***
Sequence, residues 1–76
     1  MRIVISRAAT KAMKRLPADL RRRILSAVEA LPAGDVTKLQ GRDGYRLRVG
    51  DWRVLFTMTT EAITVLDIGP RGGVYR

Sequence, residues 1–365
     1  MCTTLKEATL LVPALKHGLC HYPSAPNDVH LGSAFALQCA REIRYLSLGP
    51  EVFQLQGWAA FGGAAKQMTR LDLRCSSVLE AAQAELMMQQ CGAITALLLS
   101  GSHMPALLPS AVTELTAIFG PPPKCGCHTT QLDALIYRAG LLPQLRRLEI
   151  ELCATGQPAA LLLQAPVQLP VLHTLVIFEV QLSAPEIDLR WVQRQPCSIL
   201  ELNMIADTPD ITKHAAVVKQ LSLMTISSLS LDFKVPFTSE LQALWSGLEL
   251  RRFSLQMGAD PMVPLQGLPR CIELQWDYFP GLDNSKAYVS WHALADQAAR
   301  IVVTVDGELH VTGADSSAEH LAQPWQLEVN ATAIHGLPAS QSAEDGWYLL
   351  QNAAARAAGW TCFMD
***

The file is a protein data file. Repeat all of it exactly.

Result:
Sequence, residues 1–76
     1  MRIVISRAAT KAMKRLPADL RRRILSAVEA LPAGDVTKLQ GRDGYRLRVG
    51  DWRVLFTMTT EAITVLDIGP RGGVYR

Sequence, residues 1–365
     1  MCTTLKEATL LVPALKHGLC HYPSAPNDVH LGSAFALQCA REIRYLSLGP
    51  EVFQLQGWAA FGGAAKQMTR LDLRCSSVLE AAQAELMMQQ CGAITALLLS
   101  GSHMPALLPS AVTELTAIFG PPPKCGCHTT QLDALIYRAG LLPQLRRLEI
   151  ELCATGQPAA LLLQAPVQLP VLHTLVIFEV QLSAPEIDLR WVQRQPCSIL
   201  ELNMIADTPD ITKHAAVVKQ LSLMTISSLS LDFKVPFTSE LQALWSGLEL
   251  RRFSLQMGAD PMVPLQGLPR CIELQWDYFP GLDNSKAYVS WHALADQAAR
   301  IVVTVDGELH VTGADSSAEH LAQPWQLEVN ATAIHGLPAS QSAEDGWYLL
   351  QNAAARAAGW TCFMD